Sean Spicer is emblematic of a lengthening list of former Trump administration officials who have faced challenges finding a second act.

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WASHINGTON — Typically, an author’s colleagues have a house party to launch a book or gather in a local pub.

Not Sean Spicer, who served six months as President Donald Trump’s press secretary and is now the author of an about-to-be-released memoir of that time, “The Briefing.”

Spicer is having a book party Tuesday in Washington, D.C.’s newly fashionable Wharf district. If you pay $1,000 for “Press Secretary” access, you get four tickets, personalized books and access to a VIP reception. At the “Deputy Press Secretary” level ($500), you get two tickets to the party and VIP reception, plus signed books. At $250 as “Assistant Press Secretary,” you get two general-admission tickets and signed books.

If Spicer or his book party sponsors invite you, you get in free. Still, you’re expected to buy the book.

Two days later Spicer is having a glitzier, invitation-only party in the lobby of Trump International Hotel in D.C., where he is expecting Cabinet officials, members of Congress, White House staff members, “talking heads and the D.C. and New York press corps,” he said.

He’s offering anyone who preorders his book a chance to win two tickets to the Trump Hotel event, plus a $200 Visa gift card. Spicer is not charging his guests to attend, but the Trump family is charging Spicer $10,000 for use of the space.

“I have been very humbled by the reaction that I’ve had throughout the country by people of all walks of life and all political backgrounds to share my story and my experience with them,” Spicer said in a recent interview. He added later, “I get it that a lot of the sort of establishment folks in D.C. are appalled by this stuff, but I’ve been extremely appreciative of the support that working-class Americans have expressed around the country.”

Spicer, who characterizes Trump in the book as “a unicorn riding a unicorn over a rainbow,” is emblematic of a lengthening list of former Trump administration officials who have faced challenges finding a second act.

Critics say Spicer in particular sacrificed his professional reputation when he summoned the press corps to the White House on Inauguration Day to endorse the new administration’s first official falsehood: “This was the largest audience to ever witness an inauguration — period — both in person and around the globe.”

Over his half-year in office, Spicer became a kind of anti-celebrity. His echoing of presidential untruths, his addressing the firing of FBI Director James Comey from the nighttime shadows of a White House hedgerow, his referring to Nazi death camps as “Holocaust Centers,” made the afternoon White House briefing a can’t-look-away television spectacle that topped the soap opera “General Hospital” for viewership. Actress Melissa McCarthy created a gum-chewing parody of Spicer on “Saturday Night Live.”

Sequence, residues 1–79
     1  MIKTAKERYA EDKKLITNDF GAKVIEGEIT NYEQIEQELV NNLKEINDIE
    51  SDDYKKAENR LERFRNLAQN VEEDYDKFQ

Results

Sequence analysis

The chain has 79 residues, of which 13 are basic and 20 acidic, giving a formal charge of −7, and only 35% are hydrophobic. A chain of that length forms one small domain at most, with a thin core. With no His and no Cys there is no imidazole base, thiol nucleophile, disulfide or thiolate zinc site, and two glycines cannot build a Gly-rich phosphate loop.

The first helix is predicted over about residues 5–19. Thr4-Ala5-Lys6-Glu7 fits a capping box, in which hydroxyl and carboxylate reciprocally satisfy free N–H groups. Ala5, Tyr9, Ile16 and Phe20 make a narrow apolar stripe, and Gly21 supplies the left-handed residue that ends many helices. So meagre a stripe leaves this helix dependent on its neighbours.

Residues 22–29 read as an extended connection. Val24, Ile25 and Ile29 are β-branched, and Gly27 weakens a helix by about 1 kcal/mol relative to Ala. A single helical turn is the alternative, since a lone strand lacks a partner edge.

“I deal with a lot of those issues at length in the book and explain the context and circumstances,” Spicer said, including the issue of lying: “You may not agree with what I say, but you might say, ‘That’s an interesting explanation.’ ”

Post-White House, Spicer has landed a spot as an unpaid pundit on Fox News and his representatives are seeking a network to buy a pilot talk show, tentatively named “Sean Spicer’s Common Ground,” in which he would meet “some of the most interesting and thoughtful public figures for a drink and some lite conversation at a local pub or cafe,” the pitch sheet says.

He has recorded three episodes of a podcast with conservative writer Katie Pavlich called “Everything’s Going to Be All Right,” and will record a fourth from Tuesday’s book party, before taking a hiatus until after the book tour. Spicer is also a spokesman and senior adviser for America First Action, a pro-Trump super PAC that has struggled to reach its fundraising goals for November’s congressional midterm elections.

What does he aim to accomplish with his book?

“Before I answer this question, let me pause and think what I’ve agreed to with other papers,” he said, before beginning to draft a statement out loud. “It hopefully answers a lot of questions as to who I am, how I got to where I did, and to walk through some of the transitional moments of the campaign, transition and the early days of this White House. Wait, instead of ‘the White House,’ let’s say ‘the early days of the administration,’ since ‘the White House’ sounds more like a building.”

In an advance copy of “The Briefing” obtained by The Guardian, Spicer describes his former press secretary job as requiring the skills of a jet fighter pilot, champion boxer and tightrope artist. Spicer pointed out that he did not make all those comparisons in the same sentence.

The book also lauds Trump, whose “furious assault on his opponents is a talent few politicians can muster.”

The president seems pleased. He tweeted an endorsement of “The Briefing” to his 50 million-plus Twitter followers on a recent Saturday, saying of the book, “Really good, go get it!”

At a recent fundraiser at the Trump Hotel, Spicer handed out his business card, urging attendees to buy his book.

“My threshold is,” Spicer said of his efforts, “do I enjoy doing it, and will it benefit me in some way?”